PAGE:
Asylum reception centres and the local community (2010)
This report describes and presents an analysis of the interaction on a higher institutional level between UDI, local authorities and the operating managers of reception centres and the interaction locally between the reception centre, the municipality, civil society, groups and individuals.
Download the entire report
Asylmottak og lokalsamfunn (pdf, 4,2 MB) ("Asylum reception centres and the local community")
The empirical basis for this report consists of data obtained from questionnaires sent to all asylum reception centres and all municipalities with asylum reception centres in Norway. In addition, three case studies were carried out in three different municipalities, and constitute the study's qualitative data material. The main purpose of the report is to describe and analyze the relationship between reception centres and the local community where they are located, and to make suggestions for how this relationship can be improved. The report describes and analyzes 1) the interaction on a higher institutional level between the Norwegian Directorate of Immigration, local authorities and the operating managers of reception centres, and 2) the interaction locally between the reception centre, the municipality, civil society, groups and individuals. Furthermore, the report discusses what kind of competence is necessary for reception centres to have to engage successfully in interaction with the local community.
Interaction on an institutional level
The general picture that emerges in the study of the interaction between reception centres and local authority and administration, is that it is working well. The interaction is primarily formal, but also elements of informal relations seem to be of importance. However, despite the generally positive picture that is shown, the study also indicates several barriers to interaction. The municipalities relate these mainly to:
- Lack of knowledge about local conditions and issues among staffs at reception centres
- Lack of interpreters
- Insufficient internal coordination in the municipality between different services
- Inadequate routines for cooperation between the municipality and the reception centre
According to the reception centres the main barriers to interaction are:
- Insufficient internal coordination in the municipality between different services
- Lack of forums for cooperation
- Insufficient municipal resources
The report further shows that good information flow between different institutional levels is important for strengthening cooperation. The survey shows that 57 percent of the local authorities found the information given during the period of setting up a reception centre in their municipality satisfactory. Some municipalities however, feel that the information should have been given earlier. With the uncertainty related to capacity requirements and the limits inherent in the policy of tender which govern the management of reception centres in Norway, there seems to be few possibilities for improvement on this issue. Standard procedure today is that the operating managers of reception centres notify local authorities when they submit a tender to the Directorate of Immigration. The report indicates however that there might be room for improvement related to how information is given and what type of information is given.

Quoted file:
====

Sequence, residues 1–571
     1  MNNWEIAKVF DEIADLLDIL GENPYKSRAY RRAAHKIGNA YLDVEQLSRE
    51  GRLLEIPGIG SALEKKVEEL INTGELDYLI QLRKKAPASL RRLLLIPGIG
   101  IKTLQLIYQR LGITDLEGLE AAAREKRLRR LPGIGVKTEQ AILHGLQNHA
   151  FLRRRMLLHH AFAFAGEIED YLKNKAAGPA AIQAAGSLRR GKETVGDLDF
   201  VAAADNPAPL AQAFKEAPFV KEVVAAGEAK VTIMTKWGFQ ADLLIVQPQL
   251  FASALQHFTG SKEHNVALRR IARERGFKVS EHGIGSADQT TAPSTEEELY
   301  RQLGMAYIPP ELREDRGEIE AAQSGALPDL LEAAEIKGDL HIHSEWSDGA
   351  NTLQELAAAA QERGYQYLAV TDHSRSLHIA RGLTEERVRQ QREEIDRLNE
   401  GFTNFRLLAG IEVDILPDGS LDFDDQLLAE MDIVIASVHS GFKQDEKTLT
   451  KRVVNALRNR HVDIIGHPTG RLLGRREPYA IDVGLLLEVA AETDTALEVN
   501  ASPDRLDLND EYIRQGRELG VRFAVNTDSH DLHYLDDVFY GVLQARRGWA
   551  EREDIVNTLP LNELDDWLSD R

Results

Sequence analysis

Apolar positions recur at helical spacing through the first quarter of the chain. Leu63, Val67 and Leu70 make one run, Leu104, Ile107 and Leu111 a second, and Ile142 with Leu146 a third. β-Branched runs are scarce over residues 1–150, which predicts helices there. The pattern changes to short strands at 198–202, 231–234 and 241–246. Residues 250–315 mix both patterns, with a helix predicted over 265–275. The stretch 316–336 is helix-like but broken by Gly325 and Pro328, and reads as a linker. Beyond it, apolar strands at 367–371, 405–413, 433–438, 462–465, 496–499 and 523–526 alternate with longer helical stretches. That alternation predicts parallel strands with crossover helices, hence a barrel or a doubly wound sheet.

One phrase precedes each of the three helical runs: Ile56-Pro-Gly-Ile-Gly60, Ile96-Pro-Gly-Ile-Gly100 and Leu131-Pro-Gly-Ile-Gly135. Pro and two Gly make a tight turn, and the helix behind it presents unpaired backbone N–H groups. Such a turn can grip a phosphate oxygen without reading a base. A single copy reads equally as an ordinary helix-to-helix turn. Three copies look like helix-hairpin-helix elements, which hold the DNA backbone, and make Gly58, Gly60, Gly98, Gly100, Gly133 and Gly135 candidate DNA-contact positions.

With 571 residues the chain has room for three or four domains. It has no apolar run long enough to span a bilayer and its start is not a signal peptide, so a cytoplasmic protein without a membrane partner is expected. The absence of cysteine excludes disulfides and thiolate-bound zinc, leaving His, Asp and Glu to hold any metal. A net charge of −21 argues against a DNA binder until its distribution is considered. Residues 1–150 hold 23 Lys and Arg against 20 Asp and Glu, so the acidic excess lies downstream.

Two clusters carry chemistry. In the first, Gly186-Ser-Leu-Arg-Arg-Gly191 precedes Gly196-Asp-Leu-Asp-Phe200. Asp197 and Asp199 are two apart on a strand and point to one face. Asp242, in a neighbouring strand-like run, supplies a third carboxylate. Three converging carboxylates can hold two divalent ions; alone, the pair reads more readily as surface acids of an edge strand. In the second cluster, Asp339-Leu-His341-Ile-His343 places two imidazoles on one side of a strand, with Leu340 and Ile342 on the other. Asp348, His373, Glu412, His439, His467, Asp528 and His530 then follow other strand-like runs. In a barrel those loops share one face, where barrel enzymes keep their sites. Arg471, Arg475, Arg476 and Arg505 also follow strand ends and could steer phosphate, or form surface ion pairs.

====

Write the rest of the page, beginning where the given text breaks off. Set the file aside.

Good information flow and formal routines regarding information seems to be particularly important during the early stage of setting up a reception centre. This includes all information between different institutional levels and actors, but particularly between local authorities and reception centres. The report also indicates a discrepancy in expectations between the Directorate of Immigration and the local community in regard to what is perceived as relevant information. This can constitute a strain on the relationship between administrative levels which again can affect the relationship between the local communities in general, and reception centres and responsible authorities. Public meetings have proven to be an important information channel even in situations where the conflict level has been high. It can also function as a meeting place where the local management of reception centres can establish contacts with groups and individuals in the local community.
There are several factors that can have a disturbing impact on interaction on an institutional level. In an early phase, this can be related to different perceptions on what an asylum reception centre is, and which standards are required. Is it an institution or is it a house? Close cooperation with local health authorities at an early stage is important to avoid unnecessary conflict related to the physical infrastructure of the reception centres.